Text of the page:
The king calls himself a reformer, a believer in constitutional monarchy, representative democracy, and meritocracy. The evidence, I think, supports that claim. But he also understands that democratic institutions and habits must evolve — they cannot be imposed overnight in cultures where the power of ancient tribal allegiances trumps the power of new ideas.

In any case, it is the civil war in neighboring Syria that most concerns Jordan at present. Officials say they are not taking sides. They have denied media reports that the CIA and U.S. special operations forces are training Syrian rebels on Jordanian soil.

Assad does not believe them. On a day when I’m meeting with Jordanian officials, a controversy erupts over Syria’s ambassador, Bahjat Suleiman, using his Facebook page to call Bassam Manasir, an important member of Jordan’s parliament, “a servant of the enemies of Syria and Jordan” (you can guess who those are). In response, Manasir demands Suleiman’s expulsion.

Whatever the outcome in Syria, it will be problematic for Jordan. Should Assad survive, he will be more beholden than ever to Iran and its proxy, Hezbollah. A new Pew poll finds the Iranian regime disliked by 81 percent of Jordanians. On the other hand, should the rebels succeed in toppling the dictatorship — in recent days, President Obama has pledged to assist the nationalist factions — Jordan could find itself tangling with the bin Ladenist groups that have been the most effective anti-regime fighting forces.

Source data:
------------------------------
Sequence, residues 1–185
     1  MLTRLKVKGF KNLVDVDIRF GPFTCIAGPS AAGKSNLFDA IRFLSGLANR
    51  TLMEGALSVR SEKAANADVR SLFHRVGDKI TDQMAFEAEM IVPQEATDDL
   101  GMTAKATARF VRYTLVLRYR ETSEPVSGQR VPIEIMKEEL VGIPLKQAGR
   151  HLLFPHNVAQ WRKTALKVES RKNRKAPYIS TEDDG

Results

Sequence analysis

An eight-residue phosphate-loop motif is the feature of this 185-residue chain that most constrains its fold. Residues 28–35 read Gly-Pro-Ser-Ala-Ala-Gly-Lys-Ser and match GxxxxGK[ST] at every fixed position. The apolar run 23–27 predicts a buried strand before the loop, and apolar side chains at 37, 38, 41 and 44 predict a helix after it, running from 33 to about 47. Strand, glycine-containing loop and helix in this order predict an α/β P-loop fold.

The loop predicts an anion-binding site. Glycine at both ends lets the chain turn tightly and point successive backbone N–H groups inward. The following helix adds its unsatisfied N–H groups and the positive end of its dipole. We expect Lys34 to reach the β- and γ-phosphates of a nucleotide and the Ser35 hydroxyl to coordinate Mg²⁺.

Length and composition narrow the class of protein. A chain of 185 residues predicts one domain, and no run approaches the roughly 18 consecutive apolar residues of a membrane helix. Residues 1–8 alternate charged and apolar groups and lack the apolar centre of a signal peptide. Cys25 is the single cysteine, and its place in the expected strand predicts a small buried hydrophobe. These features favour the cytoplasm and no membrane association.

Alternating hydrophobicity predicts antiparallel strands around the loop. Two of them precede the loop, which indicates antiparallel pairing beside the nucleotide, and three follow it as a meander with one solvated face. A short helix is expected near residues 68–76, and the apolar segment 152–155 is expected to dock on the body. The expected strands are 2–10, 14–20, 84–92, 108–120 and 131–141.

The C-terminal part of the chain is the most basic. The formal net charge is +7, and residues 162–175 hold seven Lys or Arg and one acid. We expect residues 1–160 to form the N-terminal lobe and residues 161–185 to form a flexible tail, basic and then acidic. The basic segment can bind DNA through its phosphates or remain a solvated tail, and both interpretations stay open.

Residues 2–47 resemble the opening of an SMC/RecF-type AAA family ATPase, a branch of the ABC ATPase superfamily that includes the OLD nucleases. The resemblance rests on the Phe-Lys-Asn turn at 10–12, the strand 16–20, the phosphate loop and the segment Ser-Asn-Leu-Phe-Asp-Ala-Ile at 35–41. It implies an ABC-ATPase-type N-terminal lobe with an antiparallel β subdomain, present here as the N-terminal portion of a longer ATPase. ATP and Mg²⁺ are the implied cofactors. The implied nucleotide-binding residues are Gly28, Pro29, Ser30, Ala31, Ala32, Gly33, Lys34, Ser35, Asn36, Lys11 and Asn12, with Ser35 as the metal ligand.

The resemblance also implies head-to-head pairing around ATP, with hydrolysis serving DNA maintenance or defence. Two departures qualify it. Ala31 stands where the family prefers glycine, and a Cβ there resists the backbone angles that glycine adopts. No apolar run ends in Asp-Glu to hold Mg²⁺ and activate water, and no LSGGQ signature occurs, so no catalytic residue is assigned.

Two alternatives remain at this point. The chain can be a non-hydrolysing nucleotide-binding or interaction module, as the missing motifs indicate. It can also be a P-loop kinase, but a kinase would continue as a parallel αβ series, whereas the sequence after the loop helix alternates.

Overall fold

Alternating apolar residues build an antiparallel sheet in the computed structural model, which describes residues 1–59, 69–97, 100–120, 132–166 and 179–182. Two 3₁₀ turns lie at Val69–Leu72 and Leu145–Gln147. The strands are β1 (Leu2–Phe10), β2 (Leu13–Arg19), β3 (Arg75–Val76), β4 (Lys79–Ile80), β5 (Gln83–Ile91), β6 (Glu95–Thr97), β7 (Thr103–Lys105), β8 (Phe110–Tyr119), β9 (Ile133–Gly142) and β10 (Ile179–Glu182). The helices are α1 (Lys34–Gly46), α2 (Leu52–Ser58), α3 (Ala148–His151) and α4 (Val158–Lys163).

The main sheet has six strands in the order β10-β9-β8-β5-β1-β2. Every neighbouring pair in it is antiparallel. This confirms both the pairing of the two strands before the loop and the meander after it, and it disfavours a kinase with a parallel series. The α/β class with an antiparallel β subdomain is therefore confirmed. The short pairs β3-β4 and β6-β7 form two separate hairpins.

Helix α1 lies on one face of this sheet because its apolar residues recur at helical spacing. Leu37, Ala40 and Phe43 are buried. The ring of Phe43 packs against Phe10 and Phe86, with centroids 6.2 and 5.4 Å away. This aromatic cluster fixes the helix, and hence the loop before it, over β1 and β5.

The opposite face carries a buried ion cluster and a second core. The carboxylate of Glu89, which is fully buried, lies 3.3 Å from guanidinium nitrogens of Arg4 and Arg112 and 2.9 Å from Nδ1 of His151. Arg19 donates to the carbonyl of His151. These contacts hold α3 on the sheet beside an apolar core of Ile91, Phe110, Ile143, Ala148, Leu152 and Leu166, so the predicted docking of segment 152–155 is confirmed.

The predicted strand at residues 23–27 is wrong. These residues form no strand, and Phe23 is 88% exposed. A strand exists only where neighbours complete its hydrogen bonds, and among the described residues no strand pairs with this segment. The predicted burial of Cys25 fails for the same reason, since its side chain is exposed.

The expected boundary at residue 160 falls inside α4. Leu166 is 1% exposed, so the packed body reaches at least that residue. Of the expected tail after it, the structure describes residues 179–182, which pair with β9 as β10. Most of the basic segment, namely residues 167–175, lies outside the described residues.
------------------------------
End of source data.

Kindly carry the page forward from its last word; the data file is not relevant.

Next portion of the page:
Jihad does not appear to be catching on in Jordan — but neither is the kingdom immune to the virus. Recall that it was a Jordanian, Abu Musab al-Zarqawi, who led the al-Qaeda affiliate in Iraq after the toppling of Saddam Hussein, dispatching numerous suicide bombers against both Shiite and American targets. In 2005, Zarqawi also was responsible for a series of bombings at upscale Amman hotels that killed 60 people. He achieved what he saw as martyrdom the following year when U.S forces dropped a 500-pound bomb on what he thought was a safe house.

There also was “triple agent” Humam Khalil al-Balawi, a Jordanian physician and online jihadist recruited by Jordanian intelligence to serve as a mole inside al-Qaeda. In December 2009, he strapped a 30-pound bomb vest to his chest and detonated it at a CIA outpost in Afghanistan, killing seven senior CIA operatives as well as Ali bin Zeid, his Jordanian handler, himself a member of the royal family.

The Muslim world is not a monolith. But it could become one — if Americans, out of fatigue and frustration, abandon the realm to the tender mercies of jihadists and Islamists, terms the king’s advisers do not avoid as do so many politically correct American and European officials. Jordanians see with their own eyes that the “tide” of war is not “receding.” On the contrary, without America’s continuing support, they and other moderate Muslims — resilient though they may be — are in danger of being inundated by the encroaching waters of terrorism and theocratic imperialism.

Clifford D. May is president of the Foundation for Defense of Democracies, a policy institute focusing on national security.